Financial inclusion is an issue in PNG with a lot of individuals and businesses, mainly the informal sector lacking accesses to financial services and financial literacy skills to manage their money. The National’s business reporter DALE LUMA spoke to the Centre for Excellence in Financial Inclusion for an update on some of its programmes aimed at addressing this issue.
THE Centre for Excellence in Financial Inclusion (Cefi) is mandated by the Government to advocate and promote the expansion of financial services and products.
According to Cefi, it aims to facilitate the opening of new bank accounts, increase the usage of digital financial services, extend access points of banking services, improve the uptake of insurance products, and provide money management and financial literacy skills.
“These financial inclusion objectives are guided and facilitated through National Financial Inclusion Strategies and National Financial Inclusion Policy,” the centre told The National.
“The first strategy on financial inclusion was implemented during the years 2013 and 2015. A second financial inclusion strategy was launched in 2016, and is currently under implementation and will conclude by December 2020.
Two million new accounts
“Collectively, both national financial inclusion strategies implementation reached 2,094, 870 new bank accounts as at December 2019.
“This demonstrates an increase of 20 per cent more people opening bank accounts, thus reducing the unbanked population from 85 per cent to an estimated 65 per cent.
“Many individuals and small businesses lack knowledge of the licensed banking institutions and products they provide.
“Empirical studies have demonstrated this trend by establishing that individuals and small businesses sought loan products more than saving and investing their income or profit from banks.
“Additionally, banks are perceived to be expensive and charge high maintenance fees for accounts by individuals and small business.
“This lack of awareness has deterred businesses with many perceiving bank accounts as liabilities to their business rather than partners in their businesses.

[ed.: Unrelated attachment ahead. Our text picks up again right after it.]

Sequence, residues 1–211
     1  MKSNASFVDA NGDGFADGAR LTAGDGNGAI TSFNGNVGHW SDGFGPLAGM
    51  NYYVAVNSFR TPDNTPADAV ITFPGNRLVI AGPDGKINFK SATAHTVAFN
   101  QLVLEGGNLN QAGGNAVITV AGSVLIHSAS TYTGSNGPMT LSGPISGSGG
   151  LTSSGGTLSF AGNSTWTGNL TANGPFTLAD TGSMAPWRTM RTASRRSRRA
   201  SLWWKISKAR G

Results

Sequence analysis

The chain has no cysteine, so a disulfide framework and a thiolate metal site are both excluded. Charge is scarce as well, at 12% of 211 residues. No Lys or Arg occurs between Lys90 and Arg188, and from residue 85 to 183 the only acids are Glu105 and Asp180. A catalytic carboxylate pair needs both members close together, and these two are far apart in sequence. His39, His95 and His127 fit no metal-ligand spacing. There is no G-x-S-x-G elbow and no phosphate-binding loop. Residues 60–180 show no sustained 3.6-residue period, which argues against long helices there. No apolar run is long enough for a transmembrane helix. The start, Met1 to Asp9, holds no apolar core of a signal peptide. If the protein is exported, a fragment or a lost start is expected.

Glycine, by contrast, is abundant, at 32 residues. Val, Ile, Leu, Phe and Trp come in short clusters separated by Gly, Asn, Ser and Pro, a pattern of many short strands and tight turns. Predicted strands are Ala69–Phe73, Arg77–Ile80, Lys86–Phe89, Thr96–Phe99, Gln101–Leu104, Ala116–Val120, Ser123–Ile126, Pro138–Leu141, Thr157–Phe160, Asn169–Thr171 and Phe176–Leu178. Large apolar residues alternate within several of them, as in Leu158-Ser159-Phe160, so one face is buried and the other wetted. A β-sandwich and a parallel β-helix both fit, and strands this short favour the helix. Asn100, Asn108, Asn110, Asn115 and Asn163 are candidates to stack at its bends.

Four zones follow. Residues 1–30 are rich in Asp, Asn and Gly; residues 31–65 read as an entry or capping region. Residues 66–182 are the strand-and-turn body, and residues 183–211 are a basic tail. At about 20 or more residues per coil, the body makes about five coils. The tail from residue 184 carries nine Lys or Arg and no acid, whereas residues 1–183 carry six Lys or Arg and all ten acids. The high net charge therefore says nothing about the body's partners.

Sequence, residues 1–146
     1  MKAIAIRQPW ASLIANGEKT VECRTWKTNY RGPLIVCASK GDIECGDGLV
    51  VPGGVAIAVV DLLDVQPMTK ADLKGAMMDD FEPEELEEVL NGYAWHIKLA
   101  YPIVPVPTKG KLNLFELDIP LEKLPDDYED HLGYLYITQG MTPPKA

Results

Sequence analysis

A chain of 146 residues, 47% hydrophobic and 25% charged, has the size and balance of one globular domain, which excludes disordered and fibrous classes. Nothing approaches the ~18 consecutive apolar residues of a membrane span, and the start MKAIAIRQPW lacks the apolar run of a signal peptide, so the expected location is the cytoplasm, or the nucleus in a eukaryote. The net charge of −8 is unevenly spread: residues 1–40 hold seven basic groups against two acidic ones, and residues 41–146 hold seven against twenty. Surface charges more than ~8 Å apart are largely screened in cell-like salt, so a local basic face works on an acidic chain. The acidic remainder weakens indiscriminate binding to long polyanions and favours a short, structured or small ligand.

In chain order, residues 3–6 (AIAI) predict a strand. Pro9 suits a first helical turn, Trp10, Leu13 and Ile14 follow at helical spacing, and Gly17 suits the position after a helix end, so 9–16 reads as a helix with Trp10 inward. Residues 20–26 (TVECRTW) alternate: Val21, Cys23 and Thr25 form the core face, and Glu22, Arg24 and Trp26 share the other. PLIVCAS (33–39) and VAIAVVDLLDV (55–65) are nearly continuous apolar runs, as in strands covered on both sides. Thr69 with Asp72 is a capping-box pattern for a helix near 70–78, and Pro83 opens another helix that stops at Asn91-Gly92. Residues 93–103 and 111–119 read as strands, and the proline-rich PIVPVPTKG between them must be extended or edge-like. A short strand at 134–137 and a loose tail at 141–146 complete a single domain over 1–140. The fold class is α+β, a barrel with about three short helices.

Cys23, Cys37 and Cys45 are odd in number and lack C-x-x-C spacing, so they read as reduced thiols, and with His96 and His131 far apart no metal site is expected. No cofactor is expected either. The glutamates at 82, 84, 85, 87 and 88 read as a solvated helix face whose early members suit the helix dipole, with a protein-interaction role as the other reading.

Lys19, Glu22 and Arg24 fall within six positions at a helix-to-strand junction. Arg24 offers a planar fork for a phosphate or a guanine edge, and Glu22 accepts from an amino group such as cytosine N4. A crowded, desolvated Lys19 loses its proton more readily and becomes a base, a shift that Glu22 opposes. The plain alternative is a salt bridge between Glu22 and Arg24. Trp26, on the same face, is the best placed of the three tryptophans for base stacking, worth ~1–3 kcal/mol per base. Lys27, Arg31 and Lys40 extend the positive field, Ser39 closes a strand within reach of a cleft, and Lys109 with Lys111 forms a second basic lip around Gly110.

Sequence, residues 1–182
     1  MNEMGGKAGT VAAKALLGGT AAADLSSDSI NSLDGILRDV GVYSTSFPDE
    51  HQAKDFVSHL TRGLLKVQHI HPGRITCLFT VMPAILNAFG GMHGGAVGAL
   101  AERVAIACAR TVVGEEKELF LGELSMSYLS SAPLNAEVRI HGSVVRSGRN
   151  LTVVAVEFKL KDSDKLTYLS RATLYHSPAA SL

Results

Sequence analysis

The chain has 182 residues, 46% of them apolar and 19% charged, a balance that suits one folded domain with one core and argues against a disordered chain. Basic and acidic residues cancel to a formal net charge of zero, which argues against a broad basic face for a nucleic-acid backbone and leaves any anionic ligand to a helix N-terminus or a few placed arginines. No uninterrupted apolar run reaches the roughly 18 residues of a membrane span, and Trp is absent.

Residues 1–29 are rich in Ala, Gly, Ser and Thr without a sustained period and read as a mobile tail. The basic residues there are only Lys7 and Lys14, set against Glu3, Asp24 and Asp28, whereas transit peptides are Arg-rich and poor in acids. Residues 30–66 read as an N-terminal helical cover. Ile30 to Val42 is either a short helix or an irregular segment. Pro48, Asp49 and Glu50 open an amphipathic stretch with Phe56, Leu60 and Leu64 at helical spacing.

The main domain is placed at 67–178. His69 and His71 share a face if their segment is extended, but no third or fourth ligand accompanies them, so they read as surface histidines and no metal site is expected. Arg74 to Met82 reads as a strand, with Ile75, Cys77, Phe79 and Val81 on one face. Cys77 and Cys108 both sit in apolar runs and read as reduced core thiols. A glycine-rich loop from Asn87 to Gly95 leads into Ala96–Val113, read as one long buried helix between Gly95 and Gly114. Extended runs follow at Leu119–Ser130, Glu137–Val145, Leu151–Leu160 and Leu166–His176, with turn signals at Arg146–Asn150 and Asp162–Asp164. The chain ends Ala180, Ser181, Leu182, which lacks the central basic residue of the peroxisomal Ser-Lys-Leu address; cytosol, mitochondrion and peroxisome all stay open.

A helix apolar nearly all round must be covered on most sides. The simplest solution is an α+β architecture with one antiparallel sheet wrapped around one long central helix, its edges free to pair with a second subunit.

“However, opening a bank account opens access to individuals and small business currently left out of the banking system with a basic entry point to broader financial inclusion.
“Using bank accounts to move away from cash to digital payments have made it easier to be part of the formal financial system when banks are inaccessible.
“Businesses and individuals who open banks account can access other formal financial services, such as savings, payments, credit and insurance.
“Access and use of appropriate financial services can help people better manage risks, grow and develop their businesses and build a better life.”
Cefi’s current programmes
Cefi is conducting financial literacy training to individuals and business in partnership with financial institutions, non-governmental organisations, faith-based-organisations, community-based-organisations, government institutions, private enterprises, resource sector and commodity boards.
This training is delivered by Cefi trainers to organisations requiring financial literacy training for their organisations, partners or communities. Additionally, Cefi provides high level training-of-trainers (TOT) courses to qualified trainers to build capacity to deliver financial literacy training to individuals and communities.
This is to further extend the money management skills to communities.
Business development skills for SME/MSMEs
Conducting business development skills training targeting SME/MSME clients from small to medium businesses as well as building capacity for start-ups to scale up their businesses.
Financial education schools programme (school children in Grade 1-12)
Cefi is working with Department of Education to develop teachers’ resources and syllabus to be used by primary to secondary schools.
The aim of the initiative is to promote savings for younger generation and to create a saving culture at an early age.
Financial literacy training coordinator programme
Cefi is working in partnership with National Training Council to register Cefi as the national custodian for financial literacy training in the country.
This will enable Cefi to standardise training modules which will be used by trainers and organisations conducting financial literacy across the country.
“ Access and use of appropriate financial services can help people better manage risks, grow and develop their businesses and build a better life.”
Account opening (all people and businesses)
Facilitate opening of bank accounts during the financial literacy training with support from financial institutions for individuals and businesses.
Cefi has a total target of 500,000 people to be trained by 2020.
As at March 2020, a total of 236, 623 people have been trained with financial literacy skills, of which 112,178 were women.